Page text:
HELEN MARIE BERG / TOWER STAFF
Alex Smith and Frankie Bustamante are the founders and co-editors of the Quorum, a new student-run political magazine. printer contracted to produce the publication, a local FedEx Kinko’s store, will not release the magazines until The Quorum is able to pay the full $1711.33 cost. The project is funded entirely by the Student Fee Allocation Board, a committee that funds undergraduate organizations using student activity
fees. However, Bustamante and Sydney Pomykata, a sophomore who is treasurer of the organization, did not file the appropriate paperwork necessary for making a payment with SFAB until three days before they
See QUORUM, page 4
Friday, October 24, 2008
Administrators Contact Tower Over Reporting of Student Penalty Surge JUSTICE, from page 3 has referred all matters to Victor Nakas, the University’s spokesman. The University Hearing Board, overseen by David Best, assistant director of Judicial Affairs and Ethical Development, has not sent notifications of a judicial hearing to Reilly, who sits on the University Hearing
Board in addition to his capacity at The Tower, since he co-wrote the controversial Oct. 10 article about DiFranco. Before the incident, he had received seven emails in the preceding nine days, and received an average of one e-mail every three days in September. Even though room searches have just about doubled according to Jonathan Sawyer, dean of
students, Best told Reilly he was not getting emails anymore because of a “slowdown.” Reilly learned of several hearings over the past two weeks that he had not been invited to. In addition, several University Hearing Board members have been notified either inperson or in letters from Best, telling them not to discuss UHB business with The Tower.
Quorum Magazine Hoping to Publish Next Week After Series of Delays QUORUM, from page 1 needed the check, according to Bustamante. University policies require student organization purchases that exceed $1000 to go through a series of steps. Once filed as an expense approved by the student organization and its adviser, expenditure forms must be processed with SFAB. Once they approve the expense, Steve Kreider, the student program coordinator for UCSPE, must also approve it as a legitimate expense. After the authorization process, the expense needs to be entered into the University’s online financial system as a requisition order, made into a purchase order by the Purchasing Office and then processed and printed as a check by the Accounts Payable Office. Once a check is printed, it needs to be marked by a supervisor in order for it to be picked-up by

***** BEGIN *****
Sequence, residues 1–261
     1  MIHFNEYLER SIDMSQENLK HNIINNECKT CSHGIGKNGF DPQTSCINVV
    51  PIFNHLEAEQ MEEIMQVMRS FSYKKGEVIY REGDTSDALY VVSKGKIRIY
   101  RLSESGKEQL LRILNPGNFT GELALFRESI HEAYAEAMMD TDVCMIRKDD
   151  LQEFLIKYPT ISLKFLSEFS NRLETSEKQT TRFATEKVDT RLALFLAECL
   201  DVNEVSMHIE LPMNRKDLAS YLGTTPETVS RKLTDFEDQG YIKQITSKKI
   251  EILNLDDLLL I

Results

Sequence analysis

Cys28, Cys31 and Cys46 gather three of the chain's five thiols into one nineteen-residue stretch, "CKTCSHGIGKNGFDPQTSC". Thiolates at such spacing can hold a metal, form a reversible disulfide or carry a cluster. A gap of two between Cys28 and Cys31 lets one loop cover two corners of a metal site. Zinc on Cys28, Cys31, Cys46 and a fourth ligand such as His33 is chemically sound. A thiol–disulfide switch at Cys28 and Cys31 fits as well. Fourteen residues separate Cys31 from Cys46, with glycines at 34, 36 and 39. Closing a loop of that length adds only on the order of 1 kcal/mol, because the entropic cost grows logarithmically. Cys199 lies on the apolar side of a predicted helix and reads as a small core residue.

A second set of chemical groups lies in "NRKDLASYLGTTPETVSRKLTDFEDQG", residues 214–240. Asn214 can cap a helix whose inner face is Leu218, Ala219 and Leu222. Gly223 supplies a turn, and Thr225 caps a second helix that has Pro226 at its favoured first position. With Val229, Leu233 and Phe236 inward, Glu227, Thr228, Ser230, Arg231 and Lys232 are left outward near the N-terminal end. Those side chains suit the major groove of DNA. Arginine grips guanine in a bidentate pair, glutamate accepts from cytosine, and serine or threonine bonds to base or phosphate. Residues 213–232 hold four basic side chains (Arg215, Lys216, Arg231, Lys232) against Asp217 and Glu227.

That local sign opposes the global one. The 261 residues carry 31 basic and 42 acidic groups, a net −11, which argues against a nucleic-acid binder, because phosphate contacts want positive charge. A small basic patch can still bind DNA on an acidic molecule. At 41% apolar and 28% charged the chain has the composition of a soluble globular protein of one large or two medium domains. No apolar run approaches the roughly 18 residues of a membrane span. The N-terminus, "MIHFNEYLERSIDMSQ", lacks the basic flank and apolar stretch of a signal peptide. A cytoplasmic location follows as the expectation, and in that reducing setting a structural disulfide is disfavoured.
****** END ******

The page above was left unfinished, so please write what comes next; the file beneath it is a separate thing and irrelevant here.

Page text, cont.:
a student representative of the organization. The University’s financial system, accessed by The Tower late Thursday night, indicated that the payment request has been dispatched by the Purchasing Department and now must be processed by Accounts Payable. By analyzing records of its own finances, The Tower has determined that the entire process takes approximately two weeks for expenditures over $1000. Expenses under $1000, that are not obligated to be paid under a contract, do not have to go through the Purchasing Office, which is typically the step that takes the longest. With the paperwork being submitted by The Quorum just three days before they needed the check, the delay is not the fault of the University or its employees. This was the first time Bustamante and Pomykata had to request such a payment, and they were unfamiliar with the
University’s policies. UCSPE requires student organization officers to receive training at the start of each semester, but since The Quorum was founded after this semester commenced, it could not be determined if they attended such sessions, usually led by Kreider and Betsy Homan, director of SFAB. Bustamante met with Bill Jonas, director of UCSPE, on Wednesday, to discuss the matter. According to Bustamante, Jonas was very helpful and is working with him to improve how The Quorum processes paperwork in the future. In the meantime, he hopes The Quorum can be distributed sometime next week and that is can reach the campus community before the election. “We have learned from this situation and don’t expect these issues to arise in the future,” said Bustamante. “It comes with the territory. You’re going to have these first time obstacles. We just were not as prepared for it as we should have been.”